New Divorce Law Gives New Jersey Families Smoother Transition
The New Jersey Family Collaborative Law Act became law not too long ago. Even though collaborative divorce has been used for many years, the implementation of the law made New Jersey the 11th state to adopt the alternative divorce procedure that is seen by many as faster and less costly than a traditional litigation style divorce. An attorney represents both parties, but the attorneys act more like advisors and negotiators than adversaries.
The focus is not on who comes out the winner. Instead, the parties and their representatives attempt to work together to create the best possible outcome for themselves and any children involved. It can help parties make property division and child custody agreements in an amicable fashion.
Divorce is not just a legal process. It is also financial, emotional, physical and spiritual. Collaborative divorce allows parties to pay attention to these other aspects as well as the legal ones. Couples can jointly hire experts to guide them. Such experts might include psychologists, social workers, accountants, appraisers and financial planners.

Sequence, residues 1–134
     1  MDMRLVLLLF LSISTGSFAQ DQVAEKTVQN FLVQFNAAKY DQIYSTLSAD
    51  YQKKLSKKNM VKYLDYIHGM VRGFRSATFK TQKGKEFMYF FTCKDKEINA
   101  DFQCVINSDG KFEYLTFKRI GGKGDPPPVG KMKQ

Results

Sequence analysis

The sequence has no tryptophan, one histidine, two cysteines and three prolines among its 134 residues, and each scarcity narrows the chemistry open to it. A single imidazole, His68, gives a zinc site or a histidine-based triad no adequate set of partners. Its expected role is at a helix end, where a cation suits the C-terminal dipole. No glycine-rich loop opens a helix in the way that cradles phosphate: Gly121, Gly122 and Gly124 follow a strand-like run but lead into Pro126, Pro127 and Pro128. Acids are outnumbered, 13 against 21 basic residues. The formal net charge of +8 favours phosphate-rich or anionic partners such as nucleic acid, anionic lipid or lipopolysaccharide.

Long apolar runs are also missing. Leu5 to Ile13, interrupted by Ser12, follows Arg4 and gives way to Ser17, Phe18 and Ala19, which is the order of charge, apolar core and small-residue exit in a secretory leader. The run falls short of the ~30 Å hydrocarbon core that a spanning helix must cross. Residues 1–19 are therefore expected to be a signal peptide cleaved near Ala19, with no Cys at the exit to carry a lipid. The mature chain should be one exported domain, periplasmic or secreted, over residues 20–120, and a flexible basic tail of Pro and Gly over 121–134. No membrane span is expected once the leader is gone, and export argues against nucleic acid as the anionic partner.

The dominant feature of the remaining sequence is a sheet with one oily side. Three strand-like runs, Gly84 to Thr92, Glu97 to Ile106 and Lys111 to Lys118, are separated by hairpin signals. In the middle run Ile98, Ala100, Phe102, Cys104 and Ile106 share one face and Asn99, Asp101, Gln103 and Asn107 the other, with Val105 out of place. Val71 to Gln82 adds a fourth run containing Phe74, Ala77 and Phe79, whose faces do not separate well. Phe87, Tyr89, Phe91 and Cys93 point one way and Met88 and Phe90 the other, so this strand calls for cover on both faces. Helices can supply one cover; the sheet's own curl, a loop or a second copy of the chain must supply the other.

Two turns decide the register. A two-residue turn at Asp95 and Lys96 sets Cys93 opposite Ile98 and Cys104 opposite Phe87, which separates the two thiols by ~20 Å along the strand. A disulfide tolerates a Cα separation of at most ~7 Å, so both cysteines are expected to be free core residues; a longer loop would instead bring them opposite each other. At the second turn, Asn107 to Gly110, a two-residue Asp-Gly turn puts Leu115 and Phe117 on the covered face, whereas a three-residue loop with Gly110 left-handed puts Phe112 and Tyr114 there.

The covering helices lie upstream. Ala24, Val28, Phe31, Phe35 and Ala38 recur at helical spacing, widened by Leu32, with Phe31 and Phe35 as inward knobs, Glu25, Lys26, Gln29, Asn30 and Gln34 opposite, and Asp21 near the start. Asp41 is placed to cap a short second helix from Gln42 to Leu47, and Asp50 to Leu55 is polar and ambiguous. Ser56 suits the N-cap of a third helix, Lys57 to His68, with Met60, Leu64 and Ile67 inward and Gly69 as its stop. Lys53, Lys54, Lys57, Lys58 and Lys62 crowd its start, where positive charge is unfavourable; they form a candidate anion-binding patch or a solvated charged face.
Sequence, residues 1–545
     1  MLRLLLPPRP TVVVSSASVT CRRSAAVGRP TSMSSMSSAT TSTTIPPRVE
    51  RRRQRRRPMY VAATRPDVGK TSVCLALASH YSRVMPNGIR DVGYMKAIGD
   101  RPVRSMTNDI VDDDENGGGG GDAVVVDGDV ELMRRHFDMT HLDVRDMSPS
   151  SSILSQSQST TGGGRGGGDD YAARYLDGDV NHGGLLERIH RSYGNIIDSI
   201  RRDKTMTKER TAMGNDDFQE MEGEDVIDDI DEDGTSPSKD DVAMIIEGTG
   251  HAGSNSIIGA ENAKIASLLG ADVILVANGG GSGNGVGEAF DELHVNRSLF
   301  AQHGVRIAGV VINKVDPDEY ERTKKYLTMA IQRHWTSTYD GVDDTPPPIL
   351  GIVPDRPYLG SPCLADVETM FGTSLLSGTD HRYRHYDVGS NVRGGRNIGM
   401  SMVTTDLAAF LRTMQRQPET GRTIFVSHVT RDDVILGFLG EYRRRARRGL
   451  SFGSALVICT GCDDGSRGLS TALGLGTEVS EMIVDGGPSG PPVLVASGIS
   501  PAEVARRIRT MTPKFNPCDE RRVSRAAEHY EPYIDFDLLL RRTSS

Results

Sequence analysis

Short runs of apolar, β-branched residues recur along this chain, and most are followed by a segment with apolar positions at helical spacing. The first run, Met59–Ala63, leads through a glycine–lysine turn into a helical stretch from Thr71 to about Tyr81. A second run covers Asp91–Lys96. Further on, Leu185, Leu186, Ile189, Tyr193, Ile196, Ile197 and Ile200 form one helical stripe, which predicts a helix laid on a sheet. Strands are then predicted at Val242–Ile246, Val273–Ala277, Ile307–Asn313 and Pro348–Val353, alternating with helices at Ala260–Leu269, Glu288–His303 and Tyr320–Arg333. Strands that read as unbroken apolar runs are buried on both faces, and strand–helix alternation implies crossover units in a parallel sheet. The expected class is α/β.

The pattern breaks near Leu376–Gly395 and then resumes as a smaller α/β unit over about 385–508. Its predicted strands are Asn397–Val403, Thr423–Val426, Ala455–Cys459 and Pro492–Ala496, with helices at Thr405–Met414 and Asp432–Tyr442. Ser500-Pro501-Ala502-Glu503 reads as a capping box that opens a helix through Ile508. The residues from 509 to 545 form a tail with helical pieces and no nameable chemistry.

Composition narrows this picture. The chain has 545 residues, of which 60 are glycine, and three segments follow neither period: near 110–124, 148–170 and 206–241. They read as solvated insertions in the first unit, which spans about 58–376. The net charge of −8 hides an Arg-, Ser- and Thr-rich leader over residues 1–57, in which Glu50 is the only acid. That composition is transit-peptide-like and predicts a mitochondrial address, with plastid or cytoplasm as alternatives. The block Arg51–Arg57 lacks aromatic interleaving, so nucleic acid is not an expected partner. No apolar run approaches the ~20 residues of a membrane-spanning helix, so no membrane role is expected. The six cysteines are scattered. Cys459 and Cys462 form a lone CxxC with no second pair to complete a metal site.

Undertaking the divorce process is in this way is completely voluntary. If couples decide to do so, they can sign a participation agreement, which lays out the rules for the procedure. Both parties are required to provide full and candid disclosure of all financial information without formal discovery. One of the most desirable aspects is confidentiality.
Expert opinions and other communications that are obtained and used during the collaborative divorce procedure cannot then be used later in court if the process fails and litigation becomes necessary. In such a situation, both parties would also be required to obtain new litigation attorneys. However, the procedure rarely fails.
According to an in-depth article on the topic over 95 percent of couples who choose to use the collaborative divorce process are successful in reaching a final settlement, and the only court appearance required is the final hearing, which takes about 10 minutes.
Although this process may not be a fit in all situations, overall, it may be a great option for those who do not want their divorce to be overly expensive and lengthy.